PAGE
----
In addition, Freud's theory of the ego, superego, and id tended to divide up the person into theoretical concepts. Adler, on the other hand, was influenced by the writings of Jan Smuts, the South African philosopher and statesman who felt that it was important to understand people as unified wholes in the context of their physical and social environment.
Ultimately, Adler and a group of followers severed ties with Freud's circle, left the Vienna Society, and began developing the concept of individual psychology, first outlined in Über den nervösen Charakter (The Neurotic Constitution, 1912).
Adler found that there were two parenting styles that could cause problems in adulthood:
Adler was the first to describe the importance of birth order as a contributing factor in psychological development. However, he also speculated that birth order differences would begin to disappear when families became less competitive and autocratic, and more cooperative and democratic. A brief summary of birth order characteristics follow:
In Adler's book Understanding Human Nature, he writes:
While Adler included analysis of early childhood, he emphasized and focused on positive social interaction as part of his treatment. He believed that humans have an unconscious sense of social unity that must be nurtured to survive. His is a values-oriented psychology and he used the social feeling (originally called Gemeinschaftsgefuhl or community feeling) of connectedness as an index and goal of mental health. The opposite, a lack of social concern, was Adler's definition of mental illness. He taught that the quality of empathy needs to be supported by parents and the culture at large. In this sense, Adler was a pioneer in the field of prevention through the use of character development and education in the family, school, and community.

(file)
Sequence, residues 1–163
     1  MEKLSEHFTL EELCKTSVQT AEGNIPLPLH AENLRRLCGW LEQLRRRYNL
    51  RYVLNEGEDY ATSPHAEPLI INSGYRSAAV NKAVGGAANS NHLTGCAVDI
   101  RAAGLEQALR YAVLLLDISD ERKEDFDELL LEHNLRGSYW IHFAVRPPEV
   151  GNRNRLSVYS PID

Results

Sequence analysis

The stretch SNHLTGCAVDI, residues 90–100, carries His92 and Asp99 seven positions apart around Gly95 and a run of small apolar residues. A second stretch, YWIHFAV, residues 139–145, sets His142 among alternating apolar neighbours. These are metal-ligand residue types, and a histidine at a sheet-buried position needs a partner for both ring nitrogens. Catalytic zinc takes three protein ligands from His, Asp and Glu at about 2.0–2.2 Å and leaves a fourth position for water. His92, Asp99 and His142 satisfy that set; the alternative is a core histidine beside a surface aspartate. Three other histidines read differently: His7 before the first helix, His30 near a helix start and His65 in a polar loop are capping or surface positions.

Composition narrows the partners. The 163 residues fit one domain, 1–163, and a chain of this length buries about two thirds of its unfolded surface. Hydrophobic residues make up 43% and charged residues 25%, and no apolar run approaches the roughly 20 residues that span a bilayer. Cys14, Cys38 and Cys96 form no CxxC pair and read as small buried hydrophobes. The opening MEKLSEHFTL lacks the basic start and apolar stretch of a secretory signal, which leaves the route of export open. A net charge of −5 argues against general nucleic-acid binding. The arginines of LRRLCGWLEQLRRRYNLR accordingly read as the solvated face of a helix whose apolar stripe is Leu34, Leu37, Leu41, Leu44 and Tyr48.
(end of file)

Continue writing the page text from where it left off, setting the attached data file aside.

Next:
Adler was a pioneer in the field of child guidance, opening the first child guidance clinic in Vienna in 1921.
Adler's work went beyond intervention, as he designed parenting tools and education programs in an effort to prevent mental health problems in later life. The following are current successful parenting education programs based on the work of Alfred Adler:
Adler's influence continues in several schools dedicated to carrying on his work, such as The Adler School of Professional Psychology, which was founded as The Alfred Adler Institute of Chicago by Adler's protégé, Rudolf Dreikurs, and the Alfred Adler Institutes of San Francisco and Northwestern Washington, which is dedicated to Adler's original teachings and style of psychotherapy.
The rapidly growing field of life coaching has drawn its techniques and tools primarily from the work of Alfred Adler. Techniques used include: using the Socratic method to clarify meaning and gain insight; providing support through empathy and relationship; encouragement to stimulate movement in new directions; facilitate client insight of what needs to be changed; support change by converting insights into new attitudes and behaviors; support the development of social interest, cooperation, and empathy to others; challenge client to adopt new values and lifestyle; strengthen feeling of connectedness; and promote a path of continual growth for self and others.
There are also a number of organizations promoting Adler's orientation towards mental and social wellbeing. These include the International Committee for Adlerian Summer Schools and Institutes (ICASSI) and the North American Society for Adlerian Psychology (NASAP).
All links retrieved August 24, 2012.